To Richard Peters
June 30. 1791.
I should sooner have answered your kind note, my dear Sir, but that I had hoped to meet you the day before yesterday, and to tell you vivâ voce that, even without that, I meant to be troublesome to you in my afternoon excursions: that being the part of the day which business and long habit have allotted to exercise with me. I shall certainly feel often enough the inducements to Belmont, among the chief of which will be your society and the desire of becoming acquainted with Mrs. Peters. Call on me, in your turn, whenever you come to town: and if it should be about the hour of three, I shall rejoice the more. You will find a bad dinner, a good glass of wine, and a host thankful for your favor, and desirous of encouraging repetitions of it without number, form or ceremony. When Madison returns you will often find him here without notice and always with it: and if you complain again of not seeing him, it will be that the place of rendezvous does not enjoy your favour. He is at present in New York, undecided as to his next movement. Adieu. Your affectionate friend & servt,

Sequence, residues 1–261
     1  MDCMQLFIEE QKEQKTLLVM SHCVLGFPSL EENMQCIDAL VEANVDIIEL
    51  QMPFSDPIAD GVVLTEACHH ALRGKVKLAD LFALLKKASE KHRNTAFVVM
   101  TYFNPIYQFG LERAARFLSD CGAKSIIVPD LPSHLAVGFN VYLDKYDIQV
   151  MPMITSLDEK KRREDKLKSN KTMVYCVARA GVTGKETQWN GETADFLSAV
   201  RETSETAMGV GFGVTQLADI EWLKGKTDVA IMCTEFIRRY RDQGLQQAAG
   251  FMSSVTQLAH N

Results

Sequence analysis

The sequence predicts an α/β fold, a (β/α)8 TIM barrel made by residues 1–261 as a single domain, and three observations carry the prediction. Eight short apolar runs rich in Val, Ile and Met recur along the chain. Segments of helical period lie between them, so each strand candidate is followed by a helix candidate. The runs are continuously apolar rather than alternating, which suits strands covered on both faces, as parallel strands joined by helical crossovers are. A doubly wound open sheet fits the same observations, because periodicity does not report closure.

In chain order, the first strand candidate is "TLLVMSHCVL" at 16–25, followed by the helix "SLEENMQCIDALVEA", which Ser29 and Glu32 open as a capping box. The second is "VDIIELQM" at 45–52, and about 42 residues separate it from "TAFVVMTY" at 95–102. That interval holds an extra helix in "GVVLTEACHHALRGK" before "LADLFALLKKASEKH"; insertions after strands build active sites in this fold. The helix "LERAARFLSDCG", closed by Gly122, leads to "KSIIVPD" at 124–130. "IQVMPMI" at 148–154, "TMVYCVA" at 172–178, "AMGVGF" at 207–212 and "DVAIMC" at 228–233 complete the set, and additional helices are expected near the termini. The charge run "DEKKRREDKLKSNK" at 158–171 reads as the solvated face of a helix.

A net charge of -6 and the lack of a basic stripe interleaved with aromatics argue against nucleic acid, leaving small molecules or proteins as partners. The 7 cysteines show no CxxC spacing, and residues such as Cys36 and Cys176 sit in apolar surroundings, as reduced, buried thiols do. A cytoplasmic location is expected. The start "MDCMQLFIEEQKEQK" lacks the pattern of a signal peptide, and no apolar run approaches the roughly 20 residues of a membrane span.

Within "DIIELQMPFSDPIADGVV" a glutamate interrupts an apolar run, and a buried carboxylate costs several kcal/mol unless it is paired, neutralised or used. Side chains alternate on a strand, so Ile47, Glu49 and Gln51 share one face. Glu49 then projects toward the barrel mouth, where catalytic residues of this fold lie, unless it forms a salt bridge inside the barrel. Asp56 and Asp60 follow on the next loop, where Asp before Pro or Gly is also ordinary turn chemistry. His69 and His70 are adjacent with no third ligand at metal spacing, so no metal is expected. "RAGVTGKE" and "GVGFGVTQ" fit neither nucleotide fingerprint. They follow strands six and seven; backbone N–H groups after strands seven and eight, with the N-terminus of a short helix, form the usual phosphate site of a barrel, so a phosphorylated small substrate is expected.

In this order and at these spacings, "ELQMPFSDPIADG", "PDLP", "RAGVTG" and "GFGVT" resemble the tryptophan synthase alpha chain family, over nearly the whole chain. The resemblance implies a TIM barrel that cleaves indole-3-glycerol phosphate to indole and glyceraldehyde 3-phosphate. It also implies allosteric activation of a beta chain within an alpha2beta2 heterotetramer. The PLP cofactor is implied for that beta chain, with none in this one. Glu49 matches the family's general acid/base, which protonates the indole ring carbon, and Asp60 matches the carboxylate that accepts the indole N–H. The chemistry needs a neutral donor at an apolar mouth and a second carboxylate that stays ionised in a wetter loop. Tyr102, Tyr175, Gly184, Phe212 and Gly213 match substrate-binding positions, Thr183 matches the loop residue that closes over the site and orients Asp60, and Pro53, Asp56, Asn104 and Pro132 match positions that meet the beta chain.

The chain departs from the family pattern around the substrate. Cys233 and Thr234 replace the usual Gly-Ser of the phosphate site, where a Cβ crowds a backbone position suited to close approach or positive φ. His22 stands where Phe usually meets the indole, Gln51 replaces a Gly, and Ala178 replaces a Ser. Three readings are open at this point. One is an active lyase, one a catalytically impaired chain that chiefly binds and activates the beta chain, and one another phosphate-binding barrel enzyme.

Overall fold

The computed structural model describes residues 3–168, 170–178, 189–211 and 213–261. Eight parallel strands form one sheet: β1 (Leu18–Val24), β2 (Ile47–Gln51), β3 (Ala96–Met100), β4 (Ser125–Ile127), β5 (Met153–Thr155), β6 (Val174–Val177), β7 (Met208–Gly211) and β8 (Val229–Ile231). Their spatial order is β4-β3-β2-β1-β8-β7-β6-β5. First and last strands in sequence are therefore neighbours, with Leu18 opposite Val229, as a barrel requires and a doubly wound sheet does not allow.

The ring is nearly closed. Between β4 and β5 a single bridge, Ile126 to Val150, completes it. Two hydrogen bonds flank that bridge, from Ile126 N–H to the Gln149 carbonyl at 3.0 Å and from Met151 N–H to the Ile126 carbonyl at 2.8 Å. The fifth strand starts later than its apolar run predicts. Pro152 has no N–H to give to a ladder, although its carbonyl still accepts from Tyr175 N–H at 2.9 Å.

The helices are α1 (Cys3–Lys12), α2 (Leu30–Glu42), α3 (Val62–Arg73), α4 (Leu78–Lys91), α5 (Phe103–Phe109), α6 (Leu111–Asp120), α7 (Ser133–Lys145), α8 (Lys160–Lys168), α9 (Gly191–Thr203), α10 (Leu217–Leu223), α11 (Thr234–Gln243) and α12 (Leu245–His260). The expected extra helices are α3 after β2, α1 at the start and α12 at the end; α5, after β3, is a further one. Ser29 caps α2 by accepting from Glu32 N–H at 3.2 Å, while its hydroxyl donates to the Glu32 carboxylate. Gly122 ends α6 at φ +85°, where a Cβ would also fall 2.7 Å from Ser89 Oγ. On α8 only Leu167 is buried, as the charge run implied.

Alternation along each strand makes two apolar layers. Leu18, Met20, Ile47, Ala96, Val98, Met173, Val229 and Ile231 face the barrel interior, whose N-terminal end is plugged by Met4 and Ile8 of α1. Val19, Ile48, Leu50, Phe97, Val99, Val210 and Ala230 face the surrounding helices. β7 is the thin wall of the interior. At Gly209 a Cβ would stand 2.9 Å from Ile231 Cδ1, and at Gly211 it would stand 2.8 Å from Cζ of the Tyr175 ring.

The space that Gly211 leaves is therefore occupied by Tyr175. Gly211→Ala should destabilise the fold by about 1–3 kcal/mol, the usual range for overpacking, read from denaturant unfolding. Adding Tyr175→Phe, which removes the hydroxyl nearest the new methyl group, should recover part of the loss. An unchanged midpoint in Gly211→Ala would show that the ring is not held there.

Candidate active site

RC (PHi); addressed: “Honble Richard Peters, at Belmont”; endorsed by Peters, probably much later: “Friendly Note from Mr. Jefferson, with whom and Mr. Madison I had long been in Habits of Friendship.” Not recorded in SJL.